An investment case to prevent the reintroduction of malaria in Sri Lanka

Shretta, Rima and Baral, Ranju and Avanceña, Anton L. V. and Fox, Katie and Dannoruwa, Asoka Premasiri and Jayanetti, Ravindra and Jeyakumaran, Arumainayagam and Hasantha, Rasike and Peris, Lalanthika and Premaratne, Risintha. (2017) An investment case to prevent the reintroduction of malaria in Sri Lanka. American journal of tropical medicine and hygiene, 96 (3). pp. 602-615.

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AbstractSri Lanka has made remarkable gains in reducing the burden of malaria, recording no locally transmitted malaria cases since November 2012 and zero deaths since 2007. The country was recently certified as malaria free by World Health Organization in September 2016. Sri Lanka, however, continues to face a risk of resurgence due to persistent receptivity and vulnerability to malaria transmission. Maintaining the gains will require continued financing to the malaria program to maintain the activities aimed at preventing reintroduction. This article presents an investment case for malaria in Sri Lanka by estimating the costs and benefits of sustaining investments to prevent the reintroduction of the disease. An ingredient-based approach was used to estimate the cost of the existing program. The cost of potential resurgence was estimated using a hypothetical scenario in which resurgence assumed to occur, if all prevention of reintroduction activities were halted. These estimates were used to compute a benefit-cost ratio and a return on investment. The total economic cost of the malaria program in 2014 was estimated at U.S. dollars (USD) 0.57 per capita per year with a financial cost of USD0.37 per capita. The cost of potential malaria resurgence was, however, much higher estimated at 13 times the cost of maintaining existing activities or 21 times based on financial costs alone. This evidence suggests a substantial return on investment providing a compelling argument for advocacy for continued prioritization of funding for the prevention of reintroduction of malaria in Sri Lanka.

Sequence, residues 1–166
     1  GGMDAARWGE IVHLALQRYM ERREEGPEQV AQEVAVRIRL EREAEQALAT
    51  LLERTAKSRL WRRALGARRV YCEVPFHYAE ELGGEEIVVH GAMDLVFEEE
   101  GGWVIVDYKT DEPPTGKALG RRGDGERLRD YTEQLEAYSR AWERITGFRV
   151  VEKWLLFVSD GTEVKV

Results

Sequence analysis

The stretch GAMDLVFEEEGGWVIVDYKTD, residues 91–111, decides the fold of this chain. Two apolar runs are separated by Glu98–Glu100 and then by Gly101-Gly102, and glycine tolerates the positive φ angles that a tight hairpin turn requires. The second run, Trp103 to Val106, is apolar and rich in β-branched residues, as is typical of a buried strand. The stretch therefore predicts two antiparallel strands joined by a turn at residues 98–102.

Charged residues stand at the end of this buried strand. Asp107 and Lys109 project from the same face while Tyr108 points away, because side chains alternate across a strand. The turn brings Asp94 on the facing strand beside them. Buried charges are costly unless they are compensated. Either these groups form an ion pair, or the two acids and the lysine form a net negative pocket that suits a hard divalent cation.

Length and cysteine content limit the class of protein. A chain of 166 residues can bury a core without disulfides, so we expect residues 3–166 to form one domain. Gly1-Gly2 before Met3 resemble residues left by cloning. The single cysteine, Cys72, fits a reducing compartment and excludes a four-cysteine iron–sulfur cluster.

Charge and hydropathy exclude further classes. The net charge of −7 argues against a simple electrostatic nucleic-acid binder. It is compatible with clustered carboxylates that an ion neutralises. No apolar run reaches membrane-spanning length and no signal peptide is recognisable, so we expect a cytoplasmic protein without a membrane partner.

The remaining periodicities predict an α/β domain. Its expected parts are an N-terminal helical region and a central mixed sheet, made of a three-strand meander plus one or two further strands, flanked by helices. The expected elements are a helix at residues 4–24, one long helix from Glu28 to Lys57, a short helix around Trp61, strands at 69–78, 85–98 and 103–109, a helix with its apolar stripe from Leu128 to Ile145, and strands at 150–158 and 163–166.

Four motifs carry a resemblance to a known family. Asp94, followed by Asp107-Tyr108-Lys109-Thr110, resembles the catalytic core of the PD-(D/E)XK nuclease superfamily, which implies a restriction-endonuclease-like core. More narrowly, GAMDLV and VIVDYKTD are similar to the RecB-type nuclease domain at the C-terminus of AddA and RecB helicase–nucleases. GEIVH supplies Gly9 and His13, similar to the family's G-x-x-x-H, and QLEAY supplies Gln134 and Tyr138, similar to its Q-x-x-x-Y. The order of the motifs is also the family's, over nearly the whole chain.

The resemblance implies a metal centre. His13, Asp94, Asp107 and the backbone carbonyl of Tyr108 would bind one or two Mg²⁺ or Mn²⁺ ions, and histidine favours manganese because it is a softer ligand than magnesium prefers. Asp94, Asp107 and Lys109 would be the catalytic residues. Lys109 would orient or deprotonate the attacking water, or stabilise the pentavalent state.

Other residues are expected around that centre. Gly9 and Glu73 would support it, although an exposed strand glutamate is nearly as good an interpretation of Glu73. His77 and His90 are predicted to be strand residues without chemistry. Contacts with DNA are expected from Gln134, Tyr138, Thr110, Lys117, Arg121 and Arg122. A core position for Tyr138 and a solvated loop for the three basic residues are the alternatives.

Faculties and Departments:09 Associated Institutions > Swiss Tropical and Public Health Institute (Swiss TPH)
09 Associated Institutions > Swiss Tropical and Public Health Institute (Swiss TPH) > Department of Epidemiology and Public Health (EPH) > Household Economics and Health Systems Research > Household Economy (Fink)
UniBasel Contributors:Shretta, Rima
Item Type:Article, refereed
Article Subtype:Research Article
Publisher:Williams and Wilkins
Note:Publication type according to Uni Basel Research Database: Journal article
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Last Modified:04 Jul 2018 11:19
Deposited On:04 Jul 2018 11:19

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